Later symptoms include shorter-than-normal leaves with a rough and fleshy appearance. Stripes may be dark yellow, and may finally become necrotic. Prior to total necrosis of the tissues, foliage turns red or dark purple.
This disease has been reported in tropical locations in Africa, Asia, and the Americas, including Hawaii, India, and Australia.
Initial symptoms on the leaves are small chlorotic specks that later develop into narrow parallel chlorotic stripes along the younger leaves. The chlorotic bands can vary in width and extend from the base to the tip of the leaves (Photos 95, 96). Infected plants usually show stunting and bending of the tassel. Normally ear development and yield are reduced.
The virus is transmitted by the planthopper Peregrinus maidis, and the vector will transmit the virus for most of its life after feeding on an infected plant. The vector can also transmit maize mosaic virus.
100 95 96 101 97 98 102 Maize streak virus (MSV) The disease, reported first from East Africa, has now extended to many other African countries. The virus is transmitted by Cicadulina spp. leafhoppers.
Cicadulina mbila (Naude) is the most prevalent vector, and will transmit the virus for most of its life after feeding on an infected plant. Early disease symptoms begin within a week after infection and consist of very small, round, scattered spots in the youngest leaves. The number of spots increases with plant growth; they enlarge parallel to the leaf veins. Soon spots become more profuse at leaf bases and are particularly conspicuous in the youngest leaves. Fully elongated leaves develop a chlorosis with broken yellow streaks along the veins, contrasting with the dark green color of normal foliage (Photos 97, 98). Severe infection causes stunting, and plants can die prematurely or are barren. Many cereal crops and wild grasses serve as reservoirs of the virus and the vectors.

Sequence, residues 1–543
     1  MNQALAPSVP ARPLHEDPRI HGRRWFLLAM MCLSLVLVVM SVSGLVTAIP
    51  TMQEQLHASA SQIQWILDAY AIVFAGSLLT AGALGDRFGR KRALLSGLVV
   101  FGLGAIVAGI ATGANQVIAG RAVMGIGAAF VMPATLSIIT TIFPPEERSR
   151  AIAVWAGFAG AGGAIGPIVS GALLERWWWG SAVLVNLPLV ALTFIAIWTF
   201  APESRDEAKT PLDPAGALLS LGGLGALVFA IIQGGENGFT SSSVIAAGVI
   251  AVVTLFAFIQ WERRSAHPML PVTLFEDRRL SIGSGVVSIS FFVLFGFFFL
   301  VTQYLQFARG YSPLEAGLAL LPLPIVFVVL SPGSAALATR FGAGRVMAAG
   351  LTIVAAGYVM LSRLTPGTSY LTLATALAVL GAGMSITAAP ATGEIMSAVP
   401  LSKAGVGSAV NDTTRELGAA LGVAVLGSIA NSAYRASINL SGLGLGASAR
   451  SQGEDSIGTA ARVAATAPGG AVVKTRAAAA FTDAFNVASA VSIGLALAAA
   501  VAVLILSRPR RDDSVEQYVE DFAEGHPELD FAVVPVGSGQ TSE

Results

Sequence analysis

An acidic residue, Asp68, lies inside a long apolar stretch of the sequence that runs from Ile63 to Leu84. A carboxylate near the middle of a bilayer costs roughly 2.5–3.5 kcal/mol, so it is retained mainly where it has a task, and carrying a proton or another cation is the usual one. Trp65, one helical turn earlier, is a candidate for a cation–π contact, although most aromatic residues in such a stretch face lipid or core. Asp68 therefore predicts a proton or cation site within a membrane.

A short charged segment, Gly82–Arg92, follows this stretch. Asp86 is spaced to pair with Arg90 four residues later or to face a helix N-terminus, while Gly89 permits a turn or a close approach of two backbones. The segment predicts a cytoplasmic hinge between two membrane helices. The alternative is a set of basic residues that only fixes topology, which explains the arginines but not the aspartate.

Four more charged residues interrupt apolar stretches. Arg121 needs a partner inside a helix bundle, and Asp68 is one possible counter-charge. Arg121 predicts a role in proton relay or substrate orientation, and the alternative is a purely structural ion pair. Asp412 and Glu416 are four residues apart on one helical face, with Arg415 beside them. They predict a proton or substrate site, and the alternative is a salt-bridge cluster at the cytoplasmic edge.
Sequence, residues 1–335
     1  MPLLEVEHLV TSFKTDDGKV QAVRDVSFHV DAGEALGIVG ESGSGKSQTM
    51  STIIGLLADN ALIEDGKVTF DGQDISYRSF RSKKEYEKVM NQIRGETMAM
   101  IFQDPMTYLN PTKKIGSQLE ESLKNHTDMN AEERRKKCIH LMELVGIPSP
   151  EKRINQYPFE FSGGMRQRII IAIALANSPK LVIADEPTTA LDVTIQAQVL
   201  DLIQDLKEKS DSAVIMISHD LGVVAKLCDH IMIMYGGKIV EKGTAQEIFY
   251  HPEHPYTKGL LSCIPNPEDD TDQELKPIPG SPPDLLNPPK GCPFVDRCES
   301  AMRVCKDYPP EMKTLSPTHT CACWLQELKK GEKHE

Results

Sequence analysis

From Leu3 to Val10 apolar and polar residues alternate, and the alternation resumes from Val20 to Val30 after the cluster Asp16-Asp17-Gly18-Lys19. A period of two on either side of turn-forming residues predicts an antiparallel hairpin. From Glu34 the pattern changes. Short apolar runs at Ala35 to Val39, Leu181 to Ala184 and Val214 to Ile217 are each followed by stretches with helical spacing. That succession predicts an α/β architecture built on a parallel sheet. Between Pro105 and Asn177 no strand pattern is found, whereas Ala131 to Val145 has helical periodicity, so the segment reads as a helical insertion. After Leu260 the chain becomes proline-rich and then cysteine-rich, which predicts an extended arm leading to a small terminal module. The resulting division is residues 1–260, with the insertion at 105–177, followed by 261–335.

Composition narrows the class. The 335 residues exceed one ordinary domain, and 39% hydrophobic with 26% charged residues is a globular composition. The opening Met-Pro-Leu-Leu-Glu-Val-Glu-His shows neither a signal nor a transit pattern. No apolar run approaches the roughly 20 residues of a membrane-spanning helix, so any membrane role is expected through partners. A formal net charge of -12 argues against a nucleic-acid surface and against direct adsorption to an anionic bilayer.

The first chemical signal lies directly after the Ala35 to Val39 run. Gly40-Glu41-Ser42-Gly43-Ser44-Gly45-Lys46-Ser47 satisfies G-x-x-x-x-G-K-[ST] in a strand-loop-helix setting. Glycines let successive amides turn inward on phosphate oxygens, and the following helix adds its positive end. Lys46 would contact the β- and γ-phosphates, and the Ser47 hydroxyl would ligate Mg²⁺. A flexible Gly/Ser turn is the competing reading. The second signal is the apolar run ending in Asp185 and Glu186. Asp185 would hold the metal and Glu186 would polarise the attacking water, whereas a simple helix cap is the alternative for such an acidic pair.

103Maize rough dwarf virus (MRDV)
This virus has been known for several years in countries in Europe and Asia, as has its variant, “Mal de Rio Cuarto,” in central Argentina and Uruguay.
Infected plants show stunting; secondary veins become chlorotic and thick. The leaves become leathery and younger leaves roll upwards with characteristic overgrowths (enations) on the veins on the underside (Photo 99). Symptoms can be detected in seedlings at approximately one month of age. In later stages, infected plants develop a reddish color and form either no ear or simply nubbins which are often bent at the tip. The tassels and upper leaves are malformed and underdeveloped (Photo 100).
The virus is transmitted by several delphacid planthoppers including Laodelphax striatellus for MRDV and Delphacodes kuscheli for MRCV.
Transmission is for most of the life of the vector after feeding on an infected plant, and females can pass the virus to the next generation through the eggs.